BACKGROUND AND PURPOSE Selective 5-hydroxytryptamine (5-HT, serotonin) reuptake inhibitors (SSRIs) are widely used antidepressants and their therapeutic effect requires several weeks of drug administration. The delayed onset of SSRI efficacy is due to the slow neuroadaptive changes of the 5-hydroxytryptaminergic (5-HTergic) system. In this study, we examined the acute and chronic effects of SSRIs on the 5-HTergic system using rat raphe slice cultures.
EXPERIMENTAL APPROACH For organotypic raphe slice cultures, mesencephalic coronal sections containing dorsal and median raphe nuclei were prepared from neonatal Wistar rats and cultured for 14–16 days.
KEY RESULTS Acute treatment with citalopram, paroxetine or fluoxetine (0.1–10 µM) in the slice cultures slightly increased extracellular 5-HT levels, while sustained exposure for 4 days augmented the elevation of 5-HT level in a time-dependent manner. Sustained exposure to citalopram had no effect on tissue contents of 5-HT and its metabolite, expression of tryptophan hydroxylase or the membrane expression of 5-HT transporters. The augmented 5-HT release was attenuated by Ca2+-free incubation medium or treatment with tetrodotoxin. Experiments with 5-HT1A/B receptor agonists and antagonists revealed that desensitization of 5-HT1 autoreceptors was not involved in the augmentation of 5-HT release. Finally, co-treatment with an α-amino-3-hydroxy-5-methyl-4-isoxazolepropionic acid (AMPA)/kainate, but not an N-methyl-d-aspartate, receptor antagonist, suppressed this augmentation.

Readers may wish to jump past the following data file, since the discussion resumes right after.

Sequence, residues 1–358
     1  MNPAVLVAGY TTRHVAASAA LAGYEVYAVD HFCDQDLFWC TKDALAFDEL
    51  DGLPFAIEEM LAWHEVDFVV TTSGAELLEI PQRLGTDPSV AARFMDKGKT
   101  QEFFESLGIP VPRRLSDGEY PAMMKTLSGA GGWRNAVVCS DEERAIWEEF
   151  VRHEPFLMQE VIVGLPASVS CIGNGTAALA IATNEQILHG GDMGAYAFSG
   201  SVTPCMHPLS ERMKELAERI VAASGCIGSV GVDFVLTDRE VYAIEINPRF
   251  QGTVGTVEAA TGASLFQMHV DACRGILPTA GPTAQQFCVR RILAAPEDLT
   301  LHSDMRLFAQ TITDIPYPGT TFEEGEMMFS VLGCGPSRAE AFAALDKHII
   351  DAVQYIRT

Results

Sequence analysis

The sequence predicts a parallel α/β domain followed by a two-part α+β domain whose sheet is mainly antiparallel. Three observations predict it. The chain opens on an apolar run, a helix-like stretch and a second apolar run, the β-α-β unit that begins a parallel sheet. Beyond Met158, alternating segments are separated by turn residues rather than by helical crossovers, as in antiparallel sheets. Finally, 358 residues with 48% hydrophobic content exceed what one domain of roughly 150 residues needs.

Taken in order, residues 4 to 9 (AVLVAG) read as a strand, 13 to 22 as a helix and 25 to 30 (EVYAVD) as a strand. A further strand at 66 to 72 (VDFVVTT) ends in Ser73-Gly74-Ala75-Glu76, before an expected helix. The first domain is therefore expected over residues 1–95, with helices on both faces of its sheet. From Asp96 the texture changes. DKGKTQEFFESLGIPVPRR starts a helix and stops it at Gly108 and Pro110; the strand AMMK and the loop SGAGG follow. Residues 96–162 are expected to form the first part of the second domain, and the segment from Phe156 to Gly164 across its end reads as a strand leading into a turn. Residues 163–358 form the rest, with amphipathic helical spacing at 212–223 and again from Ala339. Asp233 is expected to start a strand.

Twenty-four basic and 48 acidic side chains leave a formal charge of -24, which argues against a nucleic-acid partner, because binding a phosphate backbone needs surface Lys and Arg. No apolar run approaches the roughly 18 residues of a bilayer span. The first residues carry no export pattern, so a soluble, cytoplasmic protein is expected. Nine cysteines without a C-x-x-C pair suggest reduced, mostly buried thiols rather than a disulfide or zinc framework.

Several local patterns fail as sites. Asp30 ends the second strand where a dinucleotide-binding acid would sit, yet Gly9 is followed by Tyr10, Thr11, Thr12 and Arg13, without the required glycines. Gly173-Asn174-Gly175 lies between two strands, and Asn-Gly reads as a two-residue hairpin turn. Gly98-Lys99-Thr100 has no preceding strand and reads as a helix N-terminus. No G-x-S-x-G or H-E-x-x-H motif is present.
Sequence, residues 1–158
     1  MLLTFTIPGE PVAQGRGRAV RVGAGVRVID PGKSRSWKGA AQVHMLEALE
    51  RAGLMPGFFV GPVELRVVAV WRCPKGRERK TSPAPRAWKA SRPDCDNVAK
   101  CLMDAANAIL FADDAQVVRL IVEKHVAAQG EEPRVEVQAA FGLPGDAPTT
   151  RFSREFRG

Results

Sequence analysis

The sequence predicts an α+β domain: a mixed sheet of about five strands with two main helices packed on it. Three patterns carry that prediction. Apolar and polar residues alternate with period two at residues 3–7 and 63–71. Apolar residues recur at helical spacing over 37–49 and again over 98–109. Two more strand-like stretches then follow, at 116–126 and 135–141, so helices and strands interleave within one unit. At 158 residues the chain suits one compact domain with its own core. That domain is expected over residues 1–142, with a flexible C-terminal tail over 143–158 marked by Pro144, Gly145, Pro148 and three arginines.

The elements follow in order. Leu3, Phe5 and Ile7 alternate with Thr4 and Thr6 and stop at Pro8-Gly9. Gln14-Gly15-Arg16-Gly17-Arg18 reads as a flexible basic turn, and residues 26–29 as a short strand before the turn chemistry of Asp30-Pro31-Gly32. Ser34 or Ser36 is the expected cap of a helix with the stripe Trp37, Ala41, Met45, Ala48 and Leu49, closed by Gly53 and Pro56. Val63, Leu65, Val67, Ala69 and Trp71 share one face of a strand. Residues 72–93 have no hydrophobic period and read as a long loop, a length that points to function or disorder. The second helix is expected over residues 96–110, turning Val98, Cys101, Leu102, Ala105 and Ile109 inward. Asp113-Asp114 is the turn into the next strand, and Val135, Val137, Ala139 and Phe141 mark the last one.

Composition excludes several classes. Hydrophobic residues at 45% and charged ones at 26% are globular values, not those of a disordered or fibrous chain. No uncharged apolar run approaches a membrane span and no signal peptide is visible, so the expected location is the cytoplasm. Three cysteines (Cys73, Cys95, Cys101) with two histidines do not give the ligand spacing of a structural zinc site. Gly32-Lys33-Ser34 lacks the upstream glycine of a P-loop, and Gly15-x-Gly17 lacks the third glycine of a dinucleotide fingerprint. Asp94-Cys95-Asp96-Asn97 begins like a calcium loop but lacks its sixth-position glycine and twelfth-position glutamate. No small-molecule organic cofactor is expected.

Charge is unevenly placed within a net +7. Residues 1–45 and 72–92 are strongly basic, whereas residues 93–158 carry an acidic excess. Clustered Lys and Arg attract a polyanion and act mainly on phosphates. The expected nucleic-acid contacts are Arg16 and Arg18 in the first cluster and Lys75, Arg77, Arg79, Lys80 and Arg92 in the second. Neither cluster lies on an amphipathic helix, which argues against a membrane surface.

CONCLUSION AND IMPLICATIONS These results suggest that sustained exposure to SSRIs induces the augmentation of exocytotic 5-HT release, which is caused, at least in part, by the activation of AMPA/kainate receptors in the raphe slice cultures.